“Jaque is passionate and can express his aims with his mural far better than I could,” Shepard Fairey says of one of Jaque Fragua’s monumental pieces. Growing up in Jemez Pueblo, 30-year-old Fragua, the artist responsible for this week’s cover, was inspired by the original graffiti, etchings and carvings in sacred sites. This “wild art,” as he calls it, would curate his vision and later inform his career as an emerging street and multimedia originator.
Talk a little bit about your process.
For art in general? I don't know that I have a process. I kind of have a messy room, I guess, in terms of a process. I've got a bank vault full of ideas that I come up with, and nowadays because of my iPhone, I write everything down on my notepad. Anything that comes through my mind, I just write it down, and eventually, I'll have the opportunity to execute something that's relatable to a project or to an installation or event, and I'll go though my notes, and usually I'll have something very specific or detailed to pull from. Also, I have things that I constantly keep in motion in the studio—it could be paintings that I'm working on or experimenting with print processes, sewing stuff together, whatever it is.
What is the reality of being a modern Native American artist?
The reality is that it is twice as oppressive as being just a Native person. I feel like there’s so much pressure on young Native people to rise to a certain occasion or level of being or just adulthood…I don’t know what it is, but there’s all this pressure to be something that I don’t feel like we’re necessarily meant to be. It might be capturing the American Dream, or go to college and get your master’s in oil engineering, and there’s these things that our parents or the generation before have been trained or conditioned to do for so many years. Now, I feel like because we’re in a current state of society [where] people are having difficulty deciding what exactly they want to do, with that comes more pressure.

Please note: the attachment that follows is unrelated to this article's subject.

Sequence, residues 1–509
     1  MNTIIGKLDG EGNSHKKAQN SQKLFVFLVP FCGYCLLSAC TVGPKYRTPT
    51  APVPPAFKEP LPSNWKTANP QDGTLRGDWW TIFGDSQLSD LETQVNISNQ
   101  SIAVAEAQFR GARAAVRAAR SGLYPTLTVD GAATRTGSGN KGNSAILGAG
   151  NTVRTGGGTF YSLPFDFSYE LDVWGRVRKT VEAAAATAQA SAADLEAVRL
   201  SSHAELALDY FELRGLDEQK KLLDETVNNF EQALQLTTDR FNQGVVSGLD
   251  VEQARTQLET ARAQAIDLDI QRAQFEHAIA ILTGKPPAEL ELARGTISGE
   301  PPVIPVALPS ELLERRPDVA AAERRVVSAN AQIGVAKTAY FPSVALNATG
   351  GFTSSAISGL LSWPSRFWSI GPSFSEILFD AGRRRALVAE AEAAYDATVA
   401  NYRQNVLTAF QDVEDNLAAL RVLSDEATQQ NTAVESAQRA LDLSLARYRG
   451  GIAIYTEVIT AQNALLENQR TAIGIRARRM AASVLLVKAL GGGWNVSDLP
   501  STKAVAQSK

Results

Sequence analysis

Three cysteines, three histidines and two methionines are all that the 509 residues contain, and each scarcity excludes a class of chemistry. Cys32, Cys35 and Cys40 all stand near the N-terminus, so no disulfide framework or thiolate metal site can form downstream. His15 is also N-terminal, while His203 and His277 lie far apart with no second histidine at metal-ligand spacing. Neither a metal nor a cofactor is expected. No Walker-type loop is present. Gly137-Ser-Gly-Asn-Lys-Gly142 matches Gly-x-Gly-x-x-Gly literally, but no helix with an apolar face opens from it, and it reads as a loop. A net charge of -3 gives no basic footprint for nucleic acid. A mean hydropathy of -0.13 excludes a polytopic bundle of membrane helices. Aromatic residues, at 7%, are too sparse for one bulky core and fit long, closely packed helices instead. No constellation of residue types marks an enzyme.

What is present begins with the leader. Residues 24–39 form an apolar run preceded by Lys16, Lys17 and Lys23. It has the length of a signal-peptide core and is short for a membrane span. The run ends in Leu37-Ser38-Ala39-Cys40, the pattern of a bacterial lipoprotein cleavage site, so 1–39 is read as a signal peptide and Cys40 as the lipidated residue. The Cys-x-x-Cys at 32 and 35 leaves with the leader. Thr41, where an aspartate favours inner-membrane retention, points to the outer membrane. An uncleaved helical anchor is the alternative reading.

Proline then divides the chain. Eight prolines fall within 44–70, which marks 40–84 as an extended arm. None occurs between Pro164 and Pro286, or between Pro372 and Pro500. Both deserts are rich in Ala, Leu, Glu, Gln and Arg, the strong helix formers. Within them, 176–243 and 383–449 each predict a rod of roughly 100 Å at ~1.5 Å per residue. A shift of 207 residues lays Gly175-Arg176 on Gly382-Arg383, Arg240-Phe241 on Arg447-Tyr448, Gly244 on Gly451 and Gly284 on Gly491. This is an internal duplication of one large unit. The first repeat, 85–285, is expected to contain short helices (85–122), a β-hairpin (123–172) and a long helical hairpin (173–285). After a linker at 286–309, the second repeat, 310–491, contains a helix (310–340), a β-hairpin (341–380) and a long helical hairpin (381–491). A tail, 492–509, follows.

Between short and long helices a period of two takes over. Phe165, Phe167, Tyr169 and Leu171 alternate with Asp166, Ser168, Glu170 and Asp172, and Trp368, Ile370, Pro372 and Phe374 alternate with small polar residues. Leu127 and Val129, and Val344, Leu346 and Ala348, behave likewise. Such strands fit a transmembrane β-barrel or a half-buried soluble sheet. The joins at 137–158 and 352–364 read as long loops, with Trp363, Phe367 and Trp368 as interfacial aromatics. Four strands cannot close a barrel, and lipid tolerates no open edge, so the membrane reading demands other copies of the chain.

Since there are more options, I think that Native people are trying to pressure younger folks into taking a path that's already been carved or a route that's been tried-and-true and makes money. I think that a lot of young artists in art school want to create art that TC Cannon made or Fritz Scholder made, but it's already been done. It's had its time, and now we have so much more access to technology and information that you really could do whatever you want. I think the challenge for young Native artists is having the courage or confidence to do what you really want to do.
Have you turned down commissions or requests that you feel don't represent you?
All the time. I get solicited for a lot of different things, some a little bit more stereotypical or projected, and some events or experiences or group shows that are a little too, I don’t know, maybe they have other artists that I really don’t identify with or there’s a theme that’s racist. I don’t want to be involved with something like that. Maybe if it’s something that’s awful, I’ll try to be a part of it just so I can exploit it in my own way and flip it, but otherwise, I’d say it’s about half-and-half.
Ask him to sign your copy of SFR: Fragua is one of the dynamic artists featured in NDGNS X at the Convention Center (201 W Marcy St., 955-6200) this weekend, concurrent with Indian Market.